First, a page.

The Securities and Exchange Commission (SEC) said Monday that it awarded a whistleblower approximately $3.5 million for providing information that resulted in an investigation and subsequent enforcement action.
In order to protect the whistleblowers who provide inside information to the SEC of fraud and securities violations, the agency does not disclose details that could directly or indirectly reveal their identities. Confidentiality is also intended to encourage other potential whistleblowers to step forward.
“Whistleblowers do a tremendous service to the investing public and we will continue to reward those who come forward with valuable tips that help us bring successful cases against those who violate the securities laws,” said Jane Norberg, head of the SEC’s Office of the Whistleblower.
The SEC’s whistleblower program was established in 2011 under the Dodd-Frank Wall Street Reform and Consumer Protection Act of 2010. The new law included provisions directing the agency to award tipsters 10 percent to 30 percent of penalties assessed against a company for securities violations and collected as a result of information provided by the whistleblower.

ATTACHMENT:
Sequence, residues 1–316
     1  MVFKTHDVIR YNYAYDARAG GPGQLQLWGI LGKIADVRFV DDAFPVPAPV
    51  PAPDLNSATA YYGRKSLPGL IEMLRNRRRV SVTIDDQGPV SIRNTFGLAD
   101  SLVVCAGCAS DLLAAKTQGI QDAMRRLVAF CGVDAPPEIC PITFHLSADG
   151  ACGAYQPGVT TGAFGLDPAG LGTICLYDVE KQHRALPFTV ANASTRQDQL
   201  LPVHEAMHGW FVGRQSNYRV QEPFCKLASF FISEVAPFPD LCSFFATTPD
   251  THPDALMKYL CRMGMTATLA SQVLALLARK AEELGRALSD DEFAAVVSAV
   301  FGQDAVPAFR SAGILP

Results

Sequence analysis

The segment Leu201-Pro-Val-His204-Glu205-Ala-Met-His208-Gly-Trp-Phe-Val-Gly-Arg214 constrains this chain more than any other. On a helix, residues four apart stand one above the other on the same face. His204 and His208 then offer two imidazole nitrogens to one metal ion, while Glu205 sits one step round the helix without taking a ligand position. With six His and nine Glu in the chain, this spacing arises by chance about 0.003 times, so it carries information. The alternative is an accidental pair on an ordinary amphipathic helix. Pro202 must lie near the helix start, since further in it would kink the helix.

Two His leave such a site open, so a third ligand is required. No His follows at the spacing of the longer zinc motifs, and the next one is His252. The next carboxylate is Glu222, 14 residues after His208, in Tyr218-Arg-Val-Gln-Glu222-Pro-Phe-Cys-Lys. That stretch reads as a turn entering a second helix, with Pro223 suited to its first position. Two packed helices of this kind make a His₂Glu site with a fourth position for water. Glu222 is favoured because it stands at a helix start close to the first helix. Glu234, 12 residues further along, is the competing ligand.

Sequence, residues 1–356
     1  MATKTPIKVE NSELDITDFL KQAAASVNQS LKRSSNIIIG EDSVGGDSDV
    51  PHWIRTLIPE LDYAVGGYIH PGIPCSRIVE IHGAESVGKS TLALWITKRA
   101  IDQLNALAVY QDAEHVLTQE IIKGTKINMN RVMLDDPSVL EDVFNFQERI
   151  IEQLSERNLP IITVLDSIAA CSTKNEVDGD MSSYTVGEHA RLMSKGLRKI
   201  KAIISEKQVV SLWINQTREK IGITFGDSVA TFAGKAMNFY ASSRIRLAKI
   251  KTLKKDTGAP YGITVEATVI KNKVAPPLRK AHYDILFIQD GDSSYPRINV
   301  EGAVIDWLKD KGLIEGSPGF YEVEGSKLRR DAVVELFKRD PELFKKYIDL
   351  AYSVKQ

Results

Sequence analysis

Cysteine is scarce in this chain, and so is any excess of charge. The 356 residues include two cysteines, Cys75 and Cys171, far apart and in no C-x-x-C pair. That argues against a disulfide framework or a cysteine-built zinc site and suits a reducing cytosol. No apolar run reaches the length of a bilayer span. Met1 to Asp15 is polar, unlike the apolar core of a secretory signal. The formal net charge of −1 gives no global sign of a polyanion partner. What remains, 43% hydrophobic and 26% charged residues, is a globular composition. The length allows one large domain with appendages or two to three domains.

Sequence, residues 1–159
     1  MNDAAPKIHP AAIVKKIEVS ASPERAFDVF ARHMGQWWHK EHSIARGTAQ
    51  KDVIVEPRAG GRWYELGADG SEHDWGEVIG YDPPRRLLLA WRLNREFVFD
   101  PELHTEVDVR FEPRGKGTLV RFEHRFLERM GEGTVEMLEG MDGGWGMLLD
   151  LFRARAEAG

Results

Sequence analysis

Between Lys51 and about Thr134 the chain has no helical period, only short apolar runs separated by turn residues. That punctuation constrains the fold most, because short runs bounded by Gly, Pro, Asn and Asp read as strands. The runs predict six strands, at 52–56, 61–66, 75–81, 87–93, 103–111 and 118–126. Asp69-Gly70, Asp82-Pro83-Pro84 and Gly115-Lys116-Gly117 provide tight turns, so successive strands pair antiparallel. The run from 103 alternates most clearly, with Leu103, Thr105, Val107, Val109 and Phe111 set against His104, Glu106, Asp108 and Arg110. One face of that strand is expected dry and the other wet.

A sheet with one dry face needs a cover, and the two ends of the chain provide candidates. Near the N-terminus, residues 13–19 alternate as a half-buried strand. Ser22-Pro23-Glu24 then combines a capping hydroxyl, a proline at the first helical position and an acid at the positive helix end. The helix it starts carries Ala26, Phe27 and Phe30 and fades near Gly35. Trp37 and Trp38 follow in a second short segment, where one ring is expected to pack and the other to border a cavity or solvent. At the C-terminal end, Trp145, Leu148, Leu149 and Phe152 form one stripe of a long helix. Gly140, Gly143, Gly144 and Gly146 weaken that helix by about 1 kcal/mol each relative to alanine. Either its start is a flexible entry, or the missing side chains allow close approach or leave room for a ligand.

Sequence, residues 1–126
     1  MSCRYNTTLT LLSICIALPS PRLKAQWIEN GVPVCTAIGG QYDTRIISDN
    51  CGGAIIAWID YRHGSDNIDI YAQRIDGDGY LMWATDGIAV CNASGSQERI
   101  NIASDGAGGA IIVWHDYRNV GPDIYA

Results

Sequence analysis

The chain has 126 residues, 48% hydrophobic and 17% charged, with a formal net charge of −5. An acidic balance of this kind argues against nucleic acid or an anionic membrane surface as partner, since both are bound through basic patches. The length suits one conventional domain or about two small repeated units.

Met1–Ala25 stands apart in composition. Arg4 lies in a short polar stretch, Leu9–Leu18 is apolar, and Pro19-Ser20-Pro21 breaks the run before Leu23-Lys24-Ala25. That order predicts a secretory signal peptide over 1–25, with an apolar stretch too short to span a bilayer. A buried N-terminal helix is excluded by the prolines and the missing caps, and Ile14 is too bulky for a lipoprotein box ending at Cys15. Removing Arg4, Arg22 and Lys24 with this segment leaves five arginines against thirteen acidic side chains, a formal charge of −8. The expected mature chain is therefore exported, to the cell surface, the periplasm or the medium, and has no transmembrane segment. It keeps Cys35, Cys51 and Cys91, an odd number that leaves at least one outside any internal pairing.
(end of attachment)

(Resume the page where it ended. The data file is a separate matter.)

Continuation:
In August 2016, the SEC announced that awards to whistleblower since the program’s inception passed the $100-million mark with the awards paid to about three dozen whistleblowers.
“Whistleblowers do a tremendous service to the investing public and we will continue to reward those who come forward with valuable tips that help us bring successful cases against those who violate the securities laws,” said Jane Norberg, Chief of the SEC’s Office of the Whistleblower.
The SEC’s whistleblower program has now awarded approximately $135 million to 36 whistleblowers since issuing its first award in 2012. SEC enforcement actions from whistleblower tips have resulted in more than $874 million in financial remedies. The SEC says that its whistleblower program has received more than 14,000 whistleblower tips since 2011, and has returned hundreds of millions of dollars to investors that otherwise would likely have been lost to fraud.
Although reports indicate the incoming Trump administration plans to dismantle most of the Dodd-Frank Act’s consumer protections, some experts believe the SEC’s landmark whistleblower program is likely to survive, given its support among pro-whistleblower GOP lawmakers.